Patronage Rebates

Patronage rebates are linked to one of the core principles of a co-op: we exist to serve our member-owners. The redistribution of profits to our members is aligned with the Third Cooperative Principle, “Members contribute equitably to, and democratically control, the capital of their cooperative. . . Members allocate surpluses for any or all of the following purposes: developing the cooperative. . . supporting other activities, or distributed to members in proportion to purchases.” If a store finishes the year with a profit, the board can decide that the surplus be distributed among members based on how much they spend in the store.

Using your member number when you shop is important because it is how we determine your rebate amount. Your transaction totals are recorded at the registers, and at the end of the year we run reports to determine your total purchase amount. We then total all the sales from members. Next, we calculate your total contribution to member sales as a percentage. This percentage represents your proportional share of the profits.

Within the co-op world, patronage rebates are viewed as an excellent way to get our members invested in the success of their local co-op.

  1. Owners enjoy receiving a rebate. It is a great way to connect people with the success of a business they own.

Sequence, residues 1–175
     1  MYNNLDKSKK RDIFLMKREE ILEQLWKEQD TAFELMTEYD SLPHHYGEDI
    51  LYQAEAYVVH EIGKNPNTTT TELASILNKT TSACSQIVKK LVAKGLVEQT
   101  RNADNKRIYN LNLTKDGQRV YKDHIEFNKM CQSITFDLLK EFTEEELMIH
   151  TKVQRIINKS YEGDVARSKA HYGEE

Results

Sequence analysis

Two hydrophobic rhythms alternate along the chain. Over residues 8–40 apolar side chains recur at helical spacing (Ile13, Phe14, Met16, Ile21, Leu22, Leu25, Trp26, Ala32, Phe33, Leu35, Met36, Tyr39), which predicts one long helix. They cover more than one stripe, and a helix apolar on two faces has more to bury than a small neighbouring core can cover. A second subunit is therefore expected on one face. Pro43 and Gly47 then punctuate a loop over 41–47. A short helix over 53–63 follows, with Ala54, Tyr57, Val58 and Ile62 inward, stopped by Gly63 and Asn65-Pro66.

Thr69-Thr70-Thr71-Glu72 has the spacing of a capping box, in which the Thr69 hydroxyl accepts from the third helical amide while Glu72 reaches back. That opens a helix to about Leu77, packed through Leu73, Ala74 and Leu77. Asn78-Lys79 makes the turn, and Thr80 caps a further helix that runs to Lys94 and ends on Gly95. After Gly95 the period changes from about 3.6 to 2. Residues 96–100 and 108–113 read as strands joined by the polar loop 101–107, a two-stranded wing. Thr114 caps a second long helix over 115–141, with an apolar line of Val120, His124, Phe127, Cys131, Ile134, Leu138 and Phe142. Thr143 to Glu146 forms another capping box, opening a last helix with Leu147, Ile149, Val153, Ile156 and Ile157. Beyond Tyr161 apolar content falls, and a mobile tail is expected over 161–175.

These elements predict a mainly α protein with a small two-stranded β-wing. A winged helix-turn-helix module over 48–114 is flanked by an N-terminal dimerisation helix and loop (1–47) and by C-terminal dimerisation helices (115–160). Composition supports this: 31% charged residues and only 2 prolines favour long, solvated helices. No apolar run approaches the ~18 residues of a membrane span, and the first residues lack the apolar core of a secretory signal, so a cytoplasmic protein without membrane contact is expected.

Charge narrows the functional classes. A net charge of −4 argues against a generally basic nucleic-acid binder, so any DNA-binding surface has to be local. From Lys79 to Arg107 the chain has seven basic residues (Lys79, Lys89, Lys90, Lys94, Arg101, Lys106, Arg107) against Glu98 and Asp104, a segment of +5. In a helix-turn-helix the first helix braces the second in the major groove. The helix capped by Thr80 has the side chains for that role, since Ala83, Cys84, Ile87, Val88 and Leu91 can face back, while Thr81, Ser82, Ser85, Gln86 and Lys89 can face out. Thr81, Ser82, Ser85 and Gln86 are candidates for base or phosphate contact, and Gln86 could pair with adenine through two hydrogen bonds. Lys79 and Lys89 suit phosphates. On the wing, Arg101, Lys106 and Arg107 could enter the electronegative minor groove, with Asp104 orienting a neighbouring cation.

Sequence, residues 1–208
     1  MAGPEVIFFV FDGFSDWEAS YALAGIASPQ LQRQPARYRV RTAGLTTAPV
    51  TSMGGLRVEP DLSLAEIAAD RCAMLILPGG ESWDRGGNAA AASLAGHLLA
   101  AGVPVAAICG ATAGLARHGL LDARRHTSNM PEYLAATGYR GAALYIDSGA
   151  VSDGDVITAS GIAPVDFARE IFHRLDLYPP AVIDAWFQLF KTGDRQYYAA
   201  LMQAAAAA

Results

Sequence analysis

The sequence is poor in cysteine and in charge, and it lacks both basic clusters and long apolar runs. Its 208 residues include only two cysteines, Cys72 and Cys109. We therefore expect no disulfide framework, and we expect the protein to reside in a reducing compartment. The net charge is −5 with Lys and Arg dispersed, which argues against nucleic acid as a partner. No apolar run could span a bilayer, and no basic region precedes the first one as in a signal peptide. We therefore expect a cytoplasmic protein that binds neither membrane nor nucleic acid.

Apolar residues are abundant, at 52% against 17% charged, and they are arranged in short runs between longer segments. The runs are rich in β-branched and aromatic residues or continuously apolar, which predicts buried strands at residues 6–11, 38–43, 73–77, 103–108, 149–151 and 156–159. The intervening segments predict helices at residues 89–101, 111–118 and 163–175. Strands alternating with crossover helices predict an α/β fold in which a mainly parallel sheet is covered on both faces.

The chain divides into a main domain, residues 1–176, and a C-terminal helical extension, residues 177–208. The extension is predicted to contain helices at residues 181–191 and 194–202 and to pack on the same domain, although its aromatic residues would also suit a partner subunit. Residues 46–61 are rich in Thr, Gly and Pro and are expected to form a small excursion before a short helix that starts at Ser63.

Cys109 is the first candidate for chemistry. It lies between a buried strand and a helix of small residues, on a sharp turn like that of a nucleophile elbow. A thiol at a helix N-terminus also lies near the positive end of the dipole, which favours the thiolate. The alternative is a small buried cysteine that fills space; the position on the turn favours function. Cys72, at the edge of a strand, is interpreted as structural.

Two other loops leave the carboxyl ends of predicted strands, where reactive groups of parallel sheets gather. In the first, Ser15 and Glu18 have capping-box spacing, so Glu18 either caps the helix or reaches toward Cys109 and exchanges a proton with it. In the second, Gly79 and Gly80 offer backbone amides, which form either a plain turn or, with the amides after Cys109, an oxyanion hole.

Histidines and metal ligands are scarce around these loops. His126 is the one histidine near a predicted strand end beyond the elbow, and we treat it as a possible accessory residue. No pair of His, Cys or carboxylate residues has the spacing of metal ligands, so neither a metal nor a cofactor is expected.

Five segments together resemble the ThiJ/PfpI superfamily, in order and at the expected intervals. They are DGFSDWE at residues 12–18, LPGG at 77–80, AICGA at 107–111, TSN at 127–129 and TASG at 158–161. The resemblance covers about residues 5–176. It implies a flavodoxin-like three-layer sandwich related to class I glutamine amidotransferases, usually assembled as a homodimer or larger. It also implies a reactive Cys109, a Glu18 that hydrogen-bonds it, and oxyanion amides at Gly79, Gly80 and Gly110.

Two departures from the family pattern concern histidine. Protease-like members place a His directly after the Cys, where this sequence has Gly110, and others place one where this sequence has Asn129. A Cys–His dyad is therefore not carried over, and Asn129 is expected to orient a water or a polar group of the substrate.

2. Rebates are equitable. Each member's rebate is directly proportional to how much he or she spent at the store. This is very different from the typical shareholder corporation in which a dividend is tied to the number of shares one has acquired rather than how much you support the business. The bottom line is serving our membership rather than making a profit. When we have a surplus, we give it back to the member-owners.
  3. Rebates are flexible and change with the needs of the co-op and it’s owners. The board decides, annually, if the co-op will declare a rebate and how much the organization can afford to return to it’s members.
  4. The rebate system gives the Board of Directors the opportunity to retain profits that can be used to buy new equipment, start new programs, or remodel a store to better meet their needs.
  5. Neither the co-op nor its members need to pay taxes on the income we declare as a rebate. As long as the goods that were purchased are for personal use in one's home, the rebate of profits is a tax free exchange.
  6. Rebates promote the beneficial relationship between co-op and members. When owners receive their checks, they see that when the co-op is successful they benefit.

 

Read more about Patronage Rebates:

Case Study: Patronage Rebate System Initiates 50 Ways to Love Your Co-op - Cooperative Development Services 

Create a Cooperative Legacy in Your Community - CDS Consulting Co-op

 

Learn more about patronage rebates at Bloomingfoods:

Fiscal Year 2009 (July 1, 2008 - June 30, 2009)